Incredible Astrophoto: The Youngest Possible New Moon by Thierry Legault

by Nancy Atkinson on July 8, 2013

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This image shows the tiny lunar crescent at the precise moment of the New Moon, in full daylight at 7h14min UTC on July 8 2013. Credit and copyright: Thierry Legault.

This image shows the tiny lunar crescent at the precise moment of the New Moon, in full daylight at 7h14min UTC on July 8 2013. Credit and copyright: Thierry Legault.

It’s always striking to see a tiny sliver of the New Moon. But you’ve probably never seen a sliver this tiny or a Moon this “new” before. This brand new image by astrophotographer extraordinaire Thierry Legault was taken this morning and is the youngest possible lunar crescent, with the “age” of the Moon at this instant being exactly zero — at the precise moment of the New Moon. The image was taken in full daylight at 07:14 UTC on July 8, 2013.

Normally it is just about impossible (and dangerous) to see this, as when the Moon is this “new,” the Moon is between the Earth and the Sun and it is so close to the Sun in our sky that it can’t be seen because of the Sun’s glare. Plus, the New Moon appears as an extremely thin crescent which is barely brighter than the blue sky. But Thierry has designed a special sunshade to prevent sunlight from entering the telescope (see it below).

Thierry says the irregularities and discontinuities seen in the edge of the crescent are caused by the relief at the edge of the lunar disk; i.e. mountains and craters on the Moon. Very cool!

The “New Moon” is defined as the instant when the Moon is at the same ecliptic longitude as the Sun. When we refer to the “age” of the Moon, it is the number of hours (or days) since New Moon.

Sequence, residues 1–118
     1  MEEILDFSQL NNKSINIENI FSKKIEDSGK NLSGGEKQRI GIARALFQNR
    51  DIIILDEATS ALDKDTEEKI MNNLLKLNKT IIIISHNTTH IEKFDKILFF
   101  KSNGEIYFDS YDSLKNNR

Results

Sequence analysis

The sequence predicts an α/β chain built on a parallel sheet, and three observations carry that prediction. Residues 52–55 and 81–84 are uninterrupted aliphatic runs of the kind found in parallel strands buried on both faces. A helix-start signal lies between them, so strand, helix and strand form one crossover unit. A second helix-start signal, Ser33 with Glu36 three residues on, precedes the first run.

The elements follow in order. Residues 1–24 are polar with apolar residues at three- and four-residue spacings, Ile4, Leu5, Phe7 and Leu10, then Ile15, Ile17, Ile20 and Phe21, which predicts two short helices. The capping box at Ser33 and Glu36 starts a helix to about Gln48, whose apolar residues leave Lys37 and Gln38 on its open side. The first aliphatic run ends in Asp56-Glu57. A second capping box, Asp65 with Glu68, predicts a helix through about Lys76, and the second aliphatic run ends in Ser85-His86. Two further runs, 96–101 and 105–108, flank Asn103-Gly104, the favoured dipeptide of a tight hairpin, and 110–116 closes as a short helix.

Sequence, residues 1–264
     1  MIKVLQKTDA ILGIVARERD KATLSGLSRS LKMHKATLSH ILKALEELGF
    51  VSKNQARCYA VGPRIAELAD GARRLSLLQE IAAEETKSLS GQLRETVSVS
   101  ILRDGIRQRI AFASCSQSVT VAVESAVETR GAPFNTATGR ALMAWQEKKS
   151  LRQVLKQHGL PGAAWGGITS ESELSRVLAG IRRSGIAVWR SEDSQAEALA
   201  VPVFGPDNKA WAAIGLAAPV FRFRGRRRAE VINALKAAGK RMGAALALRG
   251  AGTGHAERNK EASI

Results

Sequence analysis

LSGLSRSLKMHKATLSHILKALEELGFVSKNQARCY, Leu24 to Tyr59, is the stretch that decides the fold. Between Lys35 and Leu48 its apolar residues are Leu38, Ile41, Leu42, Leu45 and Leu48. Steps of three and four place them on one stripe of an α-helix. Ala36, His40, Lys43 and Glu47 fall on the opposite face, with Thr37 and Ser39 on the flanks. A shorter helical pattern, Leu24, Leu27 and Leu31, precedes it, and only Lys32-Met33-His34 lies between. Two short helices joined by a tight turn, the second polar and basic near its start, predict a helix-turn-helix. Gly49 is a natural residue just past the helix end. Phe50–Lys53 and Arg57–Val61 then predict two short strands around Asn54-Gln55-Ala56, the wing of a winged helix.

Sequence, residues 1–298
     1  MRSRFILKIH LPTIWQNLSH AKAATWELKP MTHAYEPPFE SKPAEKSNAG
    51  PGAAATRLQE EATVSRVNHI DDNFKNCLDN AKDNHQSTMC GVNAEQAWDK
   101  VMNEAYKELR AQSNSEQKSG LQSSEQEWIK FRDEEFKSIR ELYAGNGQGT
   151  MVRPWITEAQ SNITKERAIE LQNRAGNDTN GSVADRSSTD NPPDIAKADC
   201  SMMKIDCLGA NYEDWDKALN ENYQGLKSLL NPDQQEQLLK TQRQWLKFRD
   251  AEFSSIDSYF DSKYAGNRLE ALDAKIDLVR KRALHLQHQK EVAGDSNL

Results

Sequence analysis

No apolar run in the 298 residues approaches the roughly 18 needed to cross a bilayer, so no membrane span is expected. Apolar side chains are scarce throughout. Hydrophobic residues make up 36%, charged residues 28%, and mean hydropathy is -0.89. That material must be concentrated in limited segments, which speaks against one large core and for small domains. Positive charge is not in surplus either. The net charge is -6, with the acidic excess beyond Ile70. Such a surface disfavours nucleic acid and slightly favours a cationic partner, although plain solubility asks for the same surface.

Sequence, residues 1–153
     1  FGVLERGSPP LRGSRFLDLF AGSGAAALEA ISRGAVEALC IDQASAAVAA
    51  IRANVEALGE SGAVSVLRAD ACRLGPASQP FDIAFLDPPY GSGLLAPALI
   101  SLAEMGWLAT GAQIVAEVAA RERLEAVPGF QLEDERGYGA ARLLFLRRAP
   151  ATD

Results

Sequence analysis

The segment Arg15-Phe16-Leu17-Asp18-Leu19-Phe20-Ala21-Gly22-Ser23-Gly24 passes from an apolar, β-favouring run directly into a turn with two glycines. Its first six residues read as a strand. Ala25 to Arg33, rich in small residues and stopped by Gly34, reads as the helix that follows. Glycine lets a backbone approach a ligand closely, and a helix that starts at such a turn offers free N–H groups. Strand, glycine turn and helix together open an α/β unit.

From Thierry’s shooting site in Elancourt, France (a suburb of Paris), the angular separation between the Moon and the Sun was only 4.4° (nine solar diameters).

“At this very small separation, the crescent is extremely thin (a few arc seconds at maximum) and, above all, it is drowned in the solar glare, the blue sky being about 400 times brighter than the crescent itself in infrared (and probably more than 1000 times in visible light),” Thierry writes on his website. “In order to reduce the glare, the images have been taken in close infrared and a pierced screen, placed just in front of the telescope, prevents the sunlight from entering directly in the telescope.”

Thierry Legault with his special telescope filter for blocking the Sun's rays. Image courtesy Thierry Legault.

Thierry Legault with his special telescope filter for blocking the Sun’s rays. Image courtesy Thierry Legault.

Thierry cautions anyone trying to see this with the naked eye. Basically, don’t try it.

“The very thin crescent of the New Moon cannot be observed visually whatever the instrument (naked eye, binoculars, telescope, etc),” he said. “Moreover, pointing a celestial object that close to the Sun is dangerous for the observer and his equipment if it is not performed under the control of an experienced astronomer and with the proper equipment.”

See more information at Thierry’s website. He also took another image of the New Moon at the exact moment back in 2010.

If you want to keep track of what the Moon will look like each night (or day!), Universe Today has a great app for that, our Phases of the Moon app, available for iOS or Android.

About 

Nancy Atkinson is Universe Today's Senior Editor. She also is the host of the NASA Lunar Science Institute podcast and works with Astronomy Cast. Nancy is also a NASA/JPL Solar System Ambassador.

cschur July 8, 2013 at 3:28 PM

While a new record photographically, the visual record which I believe is 13.5h still remains. Correct me if this has been beaten….

Coacervate July 9, 2013 at 12:24 AM

Bravo!

Guillermo Abramson July 9, 2013 at 3:55 AM

Amazing. Thierry doesn’t quit amazing me.

Gadi Eidelheit July 9, 2013 at 6:43 AM

He is the man! Real amazing. I used a photo of him (with permission of course) of the moon at age 4 hours, which seems a very big moon :-) . Well he broke his own record! Amazing.

Gusssss July 9, 2013 at 12:38 PM

That is just gobsmacking. I imagine he will be trying to lower the angular separation for the next one.

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